Interprofessional Relationships in the Field of Obesity: Data from Canada

Jenny Godley, Shelly Russell-Mayhew


Background: While it is generally acknowledged that an interprofessional approach is necessary to treat and prevent obesity, there have been few empirical studies examining the working relationships of professionals in the obesity field.

Methods: In this article social network analysis is used to examine the working relationships of 111 attendees, representing eleven different health professions, at the first National Obesity Summit in Canada. We assessed the extent of engagement in interprofessional relations across four activities: discussion, gathering information, providing care, and conducting research. We also examined attitudes toward interprofessional practice.

Findings: On average, respondents reported that approximately 75% of the people they work with are from other professions. Attitudes toward interprofessional practice were generally positive, and did not vary significantly across professions. Interestingly, attitudes were not related to actual interprofessional relations in our sample. In terms of work type, we found that respondents who were engaged in both clinical and research work had the largest networks and had the highest percentage of interprofessional contacts in their discussion and research networks.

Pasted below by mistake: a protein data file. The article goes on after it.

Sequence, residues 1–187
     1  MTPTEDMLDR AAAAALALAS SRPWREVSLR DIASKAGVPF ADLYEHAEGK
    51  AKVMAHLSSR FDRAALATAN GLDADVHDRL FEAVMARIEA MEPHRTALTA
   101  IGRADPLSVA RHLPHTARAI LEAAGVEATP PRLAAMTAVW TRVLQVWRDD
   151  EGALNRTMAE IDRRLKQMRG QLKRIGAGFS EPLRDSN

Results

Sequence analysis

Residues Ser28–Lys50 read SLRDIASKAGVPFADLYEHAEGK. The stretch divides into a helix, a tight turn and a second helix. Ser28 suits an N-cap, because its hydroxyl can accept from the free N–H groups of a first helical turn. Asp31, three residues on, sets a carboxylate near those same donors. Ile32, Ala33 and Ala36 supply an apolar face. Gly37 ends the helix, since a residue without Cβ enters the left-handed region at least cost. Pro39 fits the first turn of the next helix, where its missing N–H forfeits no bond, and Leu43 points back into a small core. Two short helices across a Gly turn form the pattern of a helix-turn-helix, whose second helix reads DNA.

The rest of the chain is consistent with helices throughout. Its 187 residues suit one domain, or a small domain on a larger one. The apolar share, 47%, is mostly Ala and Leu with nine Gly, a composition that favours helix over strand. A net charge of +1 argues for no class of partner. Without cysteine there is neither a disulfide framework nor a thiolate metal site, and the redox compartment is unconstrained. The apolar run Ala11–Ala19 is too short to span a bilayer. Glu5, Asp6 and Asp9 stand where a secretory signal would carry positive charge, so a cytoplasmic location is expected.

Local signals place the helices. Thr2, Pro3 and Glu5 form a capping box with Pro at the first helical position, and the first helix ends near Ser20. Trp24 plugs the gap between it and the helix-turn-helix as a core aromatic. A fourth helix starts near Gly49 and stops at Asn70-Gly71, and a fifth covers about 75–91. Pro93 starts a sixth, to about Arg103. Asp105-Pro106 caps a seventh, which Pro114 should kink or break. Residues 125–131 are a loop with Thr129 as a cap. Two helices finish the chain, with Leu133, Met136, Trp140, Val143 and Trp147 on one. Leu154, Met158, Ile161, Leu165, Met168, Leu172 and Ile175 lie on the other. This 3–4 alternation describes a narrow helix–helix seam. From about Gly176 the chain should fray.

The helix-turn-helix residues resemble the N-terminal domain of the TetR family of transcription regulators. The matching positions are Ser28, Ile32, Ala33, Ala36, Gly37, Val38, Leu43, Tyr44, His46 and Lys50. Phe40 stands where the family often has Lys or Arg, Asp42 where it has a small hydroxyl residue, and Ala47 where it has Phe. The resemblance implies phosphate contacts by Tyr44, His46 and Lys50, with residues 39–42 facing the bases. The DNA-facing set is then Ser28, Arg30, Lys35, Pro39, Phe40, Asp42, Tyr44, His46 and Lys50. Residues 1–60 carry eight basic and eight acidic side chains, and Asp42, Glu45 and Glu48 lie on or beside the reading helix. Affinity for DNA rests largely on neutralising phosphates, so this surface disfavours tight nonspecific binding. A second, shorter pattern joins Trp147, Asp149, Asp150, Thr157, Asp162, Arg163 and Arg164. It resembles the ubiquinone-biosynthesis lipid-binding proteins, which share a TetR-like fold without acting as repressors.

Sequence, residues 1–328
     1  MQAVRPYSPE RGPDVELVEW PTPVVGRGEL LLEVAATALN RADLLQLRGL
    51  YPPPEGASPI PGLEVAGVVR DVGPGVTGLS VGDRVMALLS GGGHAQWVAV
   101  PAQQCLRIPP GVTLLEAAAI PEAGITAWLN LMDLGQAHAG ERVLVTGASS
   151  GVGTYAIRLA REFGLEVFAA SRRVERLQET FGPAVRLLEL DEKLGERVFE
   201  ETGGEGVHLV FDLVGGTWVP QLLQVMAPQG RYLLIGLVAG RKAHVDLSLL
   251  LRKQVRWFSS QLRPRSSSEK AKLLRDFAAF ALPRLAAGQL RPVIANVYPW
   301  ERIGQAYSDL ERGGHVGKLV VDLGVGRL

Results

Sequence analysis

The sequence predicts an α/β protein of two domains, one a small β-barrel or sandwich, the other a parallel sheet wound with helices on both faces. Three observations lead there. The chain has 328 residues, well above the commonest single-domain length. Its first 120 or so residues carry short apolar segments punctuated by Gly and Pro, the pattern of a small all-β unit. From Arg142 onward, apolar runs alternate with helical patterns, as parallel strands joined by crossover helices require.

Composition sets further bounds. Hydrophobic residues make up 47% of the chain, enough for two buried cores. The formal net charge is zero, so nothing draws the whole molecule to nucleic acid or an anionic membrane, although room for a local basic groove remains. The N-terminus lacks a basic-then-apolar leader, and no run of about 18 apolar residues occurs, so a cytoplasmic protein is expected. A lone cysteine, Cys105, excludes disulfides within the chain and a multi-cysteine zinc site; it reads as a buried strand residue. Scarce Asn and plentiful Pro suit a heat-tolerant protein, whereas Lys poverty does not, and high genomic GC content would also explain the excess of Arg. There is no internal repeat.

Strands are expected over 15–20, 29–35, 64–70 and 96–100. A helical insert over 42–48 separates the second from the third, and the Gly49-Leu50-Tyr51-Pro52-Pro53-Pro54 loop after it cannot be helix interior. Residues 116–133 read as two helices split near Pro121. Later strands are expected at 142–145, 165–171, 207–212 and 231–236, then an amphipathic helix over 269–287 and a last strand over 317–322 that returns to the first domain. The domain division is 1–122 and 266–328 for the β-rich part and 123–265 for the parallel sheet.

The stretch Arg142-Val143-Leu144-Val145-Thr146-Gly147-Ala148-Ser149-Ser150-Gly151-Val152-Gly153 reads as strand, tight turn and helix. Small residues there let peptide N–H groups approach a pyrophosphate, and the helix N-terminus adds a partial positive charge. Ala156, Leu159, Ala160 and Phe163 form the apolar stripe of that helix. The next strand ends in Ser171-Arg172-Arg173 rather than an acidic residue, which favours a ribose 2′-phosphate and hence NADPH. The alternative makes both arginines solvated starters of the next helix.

Conclusions: Overall, the results suggest that within our sample of professionals working in the field of obesity, interprofessional practice is held in high regard as a concept. The results also suggest that members of professions that combine both research and clinical work are most likely to engage in interprofessional relationships. This article illustrates the utility of social network analysis to assess the extent of interprofessional relationships among those working in a particular healthcare field.


Interprofessional practice; Obesity; Social networks; Attitudes

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